The Beginning of Something Else

On June 1, 2007 I found out my husband and partner of almost two decades had been unfaithful to me since before our marriage, and had been having intercourse with prostitutes for 3 1/2 years. This is what happened next.

Wednesday, July 13, 2011

Update from Recoveryland: It's Working

Husband is a writer. The other night he asked me to read something he'd written.

As I read along, I realized one of the characters was a prostitute. A prickle went through my body and the hairs on my arms and neck rose. Not because he was writing a character that was a prostitute. It was her name: Angie.

"I hope you enjoyed your time with Angie."

Those are the words that blew apart my world 4 years ago. Angie was of one of the many prostitutes Husband had sex with, whose name I accidentally found in an email one day.

Husband was asleep beside me in the bed. I didn't wake him. I had lots of feelings, and I wanted some clarity before bringing it up with him.

Lesson number 1: There will be triggers.
Maybe forever, maybe not. Right now, they're part of this path that I'm life. Even after 4 years, there will be triggers.

Next day, when he asked what I thought, I told him about that name. He looked clueless for a moment, then ashamed. "I'm sorry," he said.

"You don't need to apologize," I said. But I would have been angry if he hadn't felt bad about it. "You didn't mean anything by it."

HOW could he not remember that name??? I read him that email! HOW could he not think about me?? Fuck him that he has a whole slew of "prostitute names" stored in his head to draw from! And why Angie? Was she a favorite? One special gal he keeps hidden in the folds of his memory as the rest of that secret life slips away as he progresses in recovery?

Lesson #2: Husband will probably always have narcissistic tenancies.
He's a wonderful person in many ways, but he's human and, by definition, flawed.

I could feel the anxiety swirling...the unwanted thoughts and images cascading down on one another. I pushed that away.

Would he ask me to read that piece again later in another draft? Would I have to be reminded again, brought back to that moment in time when my lips got numb and my face and hands grew icy and my field of vision seemed to shrink as I tried to grasp what was happening to the life I thought I'd had? Or would he do the thoughtful thing and change that name? If he didn't, I'd be pissed. Resentful that he still seemed not to grasp the enormity of how his actions had impacted me. I would make a mental note.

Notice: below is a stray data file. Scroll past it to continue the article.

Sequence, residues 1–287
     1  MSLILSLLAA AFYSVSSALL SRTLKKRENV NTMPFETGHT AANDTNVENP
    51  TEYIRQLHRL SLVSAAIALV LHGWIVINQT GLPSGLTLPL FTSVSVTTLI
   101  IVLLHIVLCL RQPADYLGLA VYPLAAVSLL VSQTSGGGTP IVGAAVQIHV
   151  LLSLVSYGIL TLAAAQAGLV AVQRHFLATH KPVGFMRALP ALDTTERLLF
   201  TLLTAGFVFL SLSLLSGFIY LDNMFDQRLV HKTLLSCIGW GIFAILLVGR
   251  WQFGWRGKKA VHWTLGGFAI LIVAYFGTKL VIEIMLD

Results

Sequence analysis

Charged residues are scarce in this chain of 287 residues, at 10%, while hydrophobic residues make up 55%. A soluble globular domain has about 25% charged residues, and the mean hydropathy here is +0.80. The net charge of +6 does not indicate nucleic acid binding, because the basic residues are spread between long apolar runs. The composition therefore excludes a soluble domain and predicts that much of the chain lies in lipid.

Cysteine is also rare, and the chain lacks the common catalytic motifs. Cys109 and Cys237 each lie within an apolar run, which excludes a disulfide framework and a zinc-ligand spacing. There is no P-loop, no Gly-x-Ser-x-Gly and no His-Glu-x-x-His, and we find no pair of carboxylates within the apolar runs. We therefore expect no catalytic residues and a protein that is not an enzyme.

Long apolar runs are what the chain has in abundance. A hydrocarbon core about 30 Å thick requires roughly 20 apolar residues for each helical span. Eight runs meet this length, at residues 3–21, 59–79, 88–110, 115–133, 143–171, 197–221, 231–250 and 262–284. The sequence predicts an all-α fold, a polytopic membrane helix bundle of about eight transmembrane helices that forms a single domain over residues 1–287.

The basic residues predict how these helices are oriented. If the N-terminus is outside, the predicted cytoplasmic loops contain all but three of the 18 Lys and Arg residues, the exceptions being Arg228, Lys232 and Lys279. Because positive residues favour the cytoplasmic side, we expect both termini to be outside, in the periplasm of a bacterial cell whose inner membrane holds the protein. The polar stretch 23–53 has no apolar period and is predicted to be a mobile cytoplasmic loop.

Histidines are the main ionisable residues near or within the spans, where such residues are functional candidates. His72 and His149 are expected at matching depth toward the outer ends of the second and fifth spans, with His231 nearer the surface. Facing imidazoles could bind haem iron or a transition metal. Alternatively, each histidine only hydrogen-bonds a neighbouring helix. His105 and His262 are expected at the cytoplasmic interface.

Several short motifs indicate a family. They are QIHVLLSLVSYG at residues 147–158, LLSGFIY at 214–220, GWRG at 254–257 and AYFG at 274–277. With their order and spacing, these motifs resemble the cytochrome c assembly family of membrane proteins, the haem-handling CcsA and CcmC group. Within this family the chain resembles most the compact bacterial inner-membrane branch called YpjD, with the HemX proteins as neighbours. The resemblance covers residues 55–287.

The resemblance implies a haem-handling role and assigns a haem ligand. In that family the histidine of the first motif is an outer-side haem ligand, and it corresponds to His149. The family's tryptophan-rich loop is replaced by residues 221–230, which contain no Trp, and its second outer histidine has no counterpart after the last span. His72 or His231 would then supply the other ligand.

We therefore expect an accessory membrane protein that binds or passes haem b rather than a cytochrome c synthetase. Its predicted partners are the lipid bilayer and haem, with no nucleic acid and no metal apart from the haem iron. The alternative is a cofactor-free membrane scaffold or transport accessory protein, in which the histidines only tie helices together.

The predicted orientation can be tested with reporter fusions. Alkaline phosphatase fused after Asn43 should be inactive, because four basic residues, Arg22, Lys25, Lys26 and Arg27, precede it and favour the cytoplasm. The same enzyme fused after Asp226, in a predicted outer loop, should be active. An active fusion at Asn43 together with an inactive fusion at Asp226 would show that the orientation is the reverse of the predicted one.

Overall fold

I could still feel that dark swirling vortex sucking at me, and it would have been easy to sink into those thoughts and feelings. Even now they don't feel very far away.

But another part of me knew that I had a choice.

Lesson #3: After working hard on recovery, focusing on my side of the street, I no longer have to get helplessly broadsided by every trigger that screeches across my path.

I took a deep breath and focused my attention on the present. What does life look like right now? What am I feeling right now? What do I need right now?

I wanted Husband to change the name of that character. And I was going to be angry and resentful if he didn't. I wanted to wait and see if he did it without me asking.

But I also knew that I was being presented with an opportunity to voice my needs, and not wait for them to be detected. (My interpretation: Higher power at work.)

Lesson #4: In order to move forward in my own growth, to take responsibility for my own experience of life, I need to rid myself of the thought "If he loves me, he'll know."
Husband does love me, and he can also be a clueless, thoughtless buffoon (or asshole.) Those two things are not absolute - they can and do coexist.

Later that evening, I told Husband that I wanted him to change the name of that character because I didn't want to be reminded of things I was trying to put behind me. He said of course he'd do that - he'd already been planning on it.

He could have responded any number of ways. The victory is that I said what I wanted to say, I stated my needs, without knowing what the outcome would be.